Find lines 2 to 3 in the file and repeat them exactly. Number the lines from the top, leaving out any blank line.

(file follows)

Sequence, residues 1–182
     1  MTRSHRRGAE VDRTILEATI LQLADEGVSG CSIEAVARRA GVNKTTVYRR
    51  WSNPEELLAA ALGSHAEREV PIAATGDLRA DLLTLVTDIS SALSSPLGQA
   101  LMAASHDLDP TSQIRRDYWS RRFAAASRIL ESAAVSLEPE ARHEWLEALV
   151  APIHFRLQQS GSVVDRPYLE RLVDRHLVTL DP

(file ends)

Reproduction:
     1  MTRSHRRGAE VDRTILEATI LQLADEGVSG CSIEAVARRA GVNKTTVYRR
    51  WSNPEELLAA ALGSHAEREV PIAATGDLRA DLLTLVTDIS SALSSPLGQA